Good Schools or Good Genes?
A look at whether selective schools actually boost students' grades.
Written by George Francis.
Toward the end of the Second World War, Britain engaged in a radical educational experiment. The all-party war coalition produced the 1944 Education Act creating “grammar schools,” state-run selective schools to take in all children in the top 25% of academic ability at age 11. Twenty years later, the experiment would be over. The then Labour Government demanded that grammar schools be converted into “state comprehensives” with no selective admissions. In 1970, Education Minister Margaret Thatcher declared that no more conversions were necessary but that no more grammar schools could be built either. A small number of grammar schools have survived in limbo, mainly in Northern Ireland and the Home Counties of Southern England.
The debate over grammar schools has always been divisive. Sir Anthony Crosland, who ordered their closure, once told his wife, “If it’s the last thing I do, I’m going to destroy every fucking grammar school in England.” And more recently, journalist Peter Hitchens vilified the enemies of grammar schools as “fanatical utopians.”
What makes the debate so fierce is that it strikes at the heart of a core political conflict: egalitarianism versus meritocracy—equality or equality of opportunity? In fact, the term “meritocracy” itself was created in the debate over British grammar schools. It arose as the title of Dr Michael Young’s 1958 satire attacking the grammar school system and IQ testing in general.
The idea of selective schooling in England arose from the Government’s 1924 Hadow report on “Psychological tests of educable capacity and their possible use in the public system of education.” It was written with the consultation and influence of Sir Charles Spearman and Sir Cyril Burt, two infamous scientists who respectively discovered the existence of ‘general intelligence’ and demonstrated that it was highly heritable.
The meritocratic proponents of grammar schools believe that separating children by ability allows for a more tailored education, promoting social mobility and human flourishing. By contrast, the egalitarians believe the system is unfair, providing elite schooling to those already born lucky, whether by genetics or environment, at the expense of everyone else.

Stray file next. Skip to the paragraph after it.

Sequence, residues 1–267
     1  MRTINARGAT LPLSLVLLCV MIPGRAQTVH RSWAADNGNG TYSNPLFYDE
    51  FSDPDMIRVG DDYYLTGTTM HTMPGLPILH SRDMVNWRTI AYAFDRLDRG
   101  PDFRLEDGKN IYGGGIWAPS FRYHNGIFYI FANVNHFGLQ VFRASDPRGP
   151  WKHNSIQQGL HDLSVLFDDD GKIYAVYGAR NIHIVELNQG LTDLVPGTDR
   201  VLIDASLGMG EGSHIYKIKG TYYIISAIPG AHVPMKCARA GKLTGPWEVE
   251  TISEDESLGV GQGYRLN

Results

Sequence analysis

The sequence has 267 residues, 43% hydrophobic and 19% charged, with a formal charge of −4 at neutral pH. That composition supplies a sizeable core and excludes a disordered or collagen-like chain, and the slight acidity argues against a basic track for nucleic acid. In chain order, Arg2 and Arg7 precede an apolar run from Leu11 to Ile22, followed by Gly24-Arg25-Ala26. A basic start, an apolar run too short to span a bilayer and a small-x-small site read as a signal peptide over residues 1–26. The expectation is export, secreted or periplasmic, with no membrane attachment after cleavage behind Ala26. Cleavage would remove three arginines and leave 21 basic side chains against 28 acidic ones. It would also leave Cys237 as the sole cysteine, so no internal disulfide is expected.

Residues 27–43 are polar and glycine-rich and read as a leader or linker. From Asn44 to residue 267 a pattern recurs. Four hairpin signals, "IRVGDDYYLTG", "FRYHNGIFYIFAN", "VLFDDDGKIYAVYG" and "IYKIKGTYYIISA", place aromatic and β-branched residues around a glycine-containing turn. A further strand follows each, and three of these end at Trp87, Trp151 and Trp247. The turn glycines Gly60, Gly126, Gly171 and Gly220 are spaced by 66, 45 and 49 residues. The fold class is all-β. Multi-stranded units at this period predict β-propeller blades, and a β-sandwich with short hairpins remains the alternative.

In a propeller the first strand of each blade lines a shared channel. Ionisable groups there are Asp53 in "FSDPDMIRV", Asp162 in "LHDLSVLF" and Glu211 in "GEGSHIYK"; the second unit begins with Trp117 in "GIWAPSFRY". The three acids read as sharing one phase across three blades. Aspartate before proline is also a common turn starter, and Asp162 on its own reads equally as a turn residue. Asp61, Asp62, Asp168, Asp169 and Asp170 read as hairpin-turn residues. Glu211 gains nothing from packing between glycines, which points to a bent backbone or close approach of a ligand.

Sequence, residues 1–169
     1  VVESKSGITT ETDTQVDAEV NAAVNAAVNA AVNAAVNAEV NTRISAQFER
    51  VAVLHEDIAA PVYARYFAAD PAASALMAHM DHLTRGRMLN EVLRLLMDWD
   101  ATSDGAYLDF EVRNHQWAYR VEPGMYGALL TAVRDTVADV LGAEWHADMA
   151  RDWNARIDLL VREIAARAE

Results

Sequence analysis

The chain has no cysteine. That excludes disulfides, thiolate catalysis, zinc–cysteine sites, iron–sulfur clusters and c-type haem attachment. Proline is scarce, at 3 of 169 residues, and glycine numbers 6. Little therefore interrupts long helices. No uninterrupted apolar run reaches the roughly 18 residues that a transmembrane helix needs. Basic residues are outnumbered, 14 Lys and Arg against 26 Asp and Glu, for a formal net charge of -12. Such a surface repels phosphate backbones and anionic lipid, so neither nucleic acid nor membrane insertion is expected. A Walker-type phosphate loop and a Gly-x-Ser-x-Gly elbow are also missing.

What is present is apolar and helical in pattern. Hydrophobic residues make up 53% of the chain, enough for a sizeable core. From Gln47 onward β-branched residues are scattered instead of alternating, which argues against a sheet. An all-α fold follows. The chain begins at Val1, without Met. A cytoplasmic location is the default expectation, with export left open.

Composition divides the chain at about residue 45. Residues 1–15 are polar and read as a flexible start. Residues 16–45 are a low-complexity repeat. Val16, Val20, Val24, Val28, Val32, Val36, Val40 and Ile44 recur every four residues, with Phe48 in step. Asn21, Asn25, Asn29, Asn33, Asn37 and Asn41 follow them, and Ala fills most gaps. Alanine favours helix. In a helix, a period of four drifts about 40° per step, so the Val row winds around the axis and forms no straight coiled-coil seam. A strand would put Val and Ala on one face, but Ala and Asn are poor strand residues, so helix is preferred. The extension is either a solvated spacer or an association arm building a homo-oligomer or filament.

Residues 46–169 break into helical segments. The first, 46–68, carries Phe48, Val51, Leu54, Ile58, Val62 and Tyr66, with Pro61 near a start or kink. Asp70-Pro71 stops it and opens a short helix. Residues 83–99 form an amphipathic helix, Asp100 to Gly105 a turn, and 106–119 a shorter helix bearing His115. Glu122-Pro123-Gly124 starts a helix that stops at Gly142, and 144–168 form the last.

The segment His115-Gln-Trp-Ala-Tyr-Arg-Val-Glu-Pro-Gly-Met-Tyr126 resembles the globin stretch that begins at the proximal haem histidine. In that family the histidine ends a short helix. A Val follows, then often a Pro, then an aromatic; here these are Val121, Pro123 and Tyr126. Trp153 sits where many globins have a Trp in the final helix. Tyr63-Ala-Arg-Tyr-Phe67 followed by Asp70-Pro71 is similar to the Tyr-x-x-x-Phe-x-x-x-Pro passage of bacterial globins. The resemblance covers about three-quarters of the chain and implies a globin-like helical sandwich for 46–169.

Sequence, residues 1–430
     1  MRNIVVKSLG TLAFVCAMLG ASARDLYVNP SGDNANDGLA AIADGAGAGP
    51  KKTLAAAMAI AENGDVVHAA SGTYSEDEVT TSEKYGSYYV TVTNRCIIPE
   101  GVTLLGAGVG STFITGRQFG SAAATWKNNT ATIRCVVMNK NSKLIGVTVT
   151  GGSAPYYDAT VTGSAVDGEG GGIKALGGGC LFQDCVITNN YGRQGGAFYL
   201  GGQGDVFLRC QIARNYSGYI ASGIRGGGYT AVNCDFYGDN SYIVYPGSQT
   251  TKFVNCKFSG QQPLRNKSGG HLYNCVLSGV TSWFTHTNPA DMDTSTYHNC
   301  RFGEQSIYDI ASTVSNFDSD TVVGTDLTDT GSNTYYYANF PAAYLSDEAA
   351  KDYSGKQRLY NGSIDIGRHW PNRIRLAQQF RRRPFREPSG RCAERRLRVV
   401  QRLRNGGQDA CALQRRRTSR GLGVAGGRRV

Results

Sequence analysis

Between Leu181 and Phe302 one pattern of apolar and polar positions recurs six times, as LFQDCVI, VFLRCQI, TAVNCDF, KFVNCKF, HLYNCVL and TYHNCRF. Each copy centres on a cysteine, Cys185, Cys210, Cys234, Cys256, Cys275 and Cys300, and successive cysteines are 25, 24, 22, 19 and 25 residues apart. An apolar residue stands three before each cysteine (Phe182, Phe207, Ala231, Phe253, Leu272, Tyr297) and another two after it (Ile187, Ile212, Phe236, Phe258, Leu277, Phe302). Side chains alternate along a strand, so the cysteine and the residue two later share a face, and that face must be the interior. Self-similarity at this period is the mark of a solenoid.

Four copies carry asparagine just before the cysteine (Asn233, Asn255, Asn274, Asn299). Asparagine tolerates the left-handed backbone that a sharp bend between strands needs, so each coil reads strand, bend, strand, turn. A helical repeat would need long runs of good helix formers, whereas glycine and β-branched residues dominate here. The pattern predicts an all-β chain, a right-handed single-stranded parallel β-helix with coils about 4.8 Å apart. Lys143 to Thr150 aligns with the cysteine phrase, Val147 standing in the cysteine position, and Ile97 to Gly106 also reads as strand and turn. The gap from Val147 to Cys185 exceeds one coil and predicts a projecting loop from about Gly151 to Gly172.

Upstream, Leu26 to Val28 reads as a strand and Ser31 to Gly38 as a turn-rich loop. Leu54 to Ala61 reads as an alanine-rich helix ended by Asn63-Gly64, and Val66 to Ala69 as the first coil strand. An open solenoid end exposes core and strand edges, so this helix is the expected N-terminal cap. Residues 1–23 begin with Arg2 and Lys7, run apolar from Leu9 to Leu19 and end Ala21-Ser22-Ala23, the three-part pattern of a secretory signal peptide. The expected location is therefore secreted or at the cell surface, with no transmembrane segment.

That this debate provokes great fervor on both sides is understandable, but we should strive to get beyond this to examine the facts dispassionately. How much do grammar schools raise educational standards? How much do grammar schools promote social mobility? Which side of the debate is more accurate in its claims?
Let’s start with the key claim of grammar school proponents that they boost educational standards and attainment. Grammar schools do get better results compared to non-selective state schools, known as comprehensives. Grammar school grades in GCSE exams are around 1.2 standard deviations higher on average, equivalent to the scores of those in the 85th percentile. However, grammar schools also select the best students. What we want to know is whether grammar school students perform better than expected after accounting for prior abilities.
One approach is to use multivariate regression to determine whether going to grammar school predicts higher grades than what is predicted from one’s primary school grades. There are many of these analyses. One example is the 2008 report by the educational charity Sutton Trust. Their main result found that when grades in primary school (Key Stage 2) were controlled for, grammar school children scored half a grade higher at age 16 in the GCSE exam.
So should we conclude that grammar schools work? Not so fast. There is an important problem with the methodology. So long as the tests used by grammar schools provide additional information about the child’s intelligence, we would expect students who get in to outperform students who don’t with the same Key Stage 2 scores. The problem is made severe by the ‘low ceiling’ of the Key Stage 2 test. Historically, for each subject, around 25% of primary school students achieved the highest grade of 5 in Mathematics, Reading, and Writing. Many students could achieve level 5 in Key Stage 2 and would still be much less intelligent than the students who get into grammar schools.
We need to control for more and better indicators of prior ability. A 2018 paper did just that. It was produced by scientists at Kings College London and Toby Young, the son of Michael. They controlled for measures of prior ability, socioeconomic status, and even a genetic estimate of the student’s intelligence. They found that studying at a grammar school instead of a comprehensive resulted in a grade increase of 0.18 standard deviations, equivalent to moving from the 50th percentile to the 57th percentile.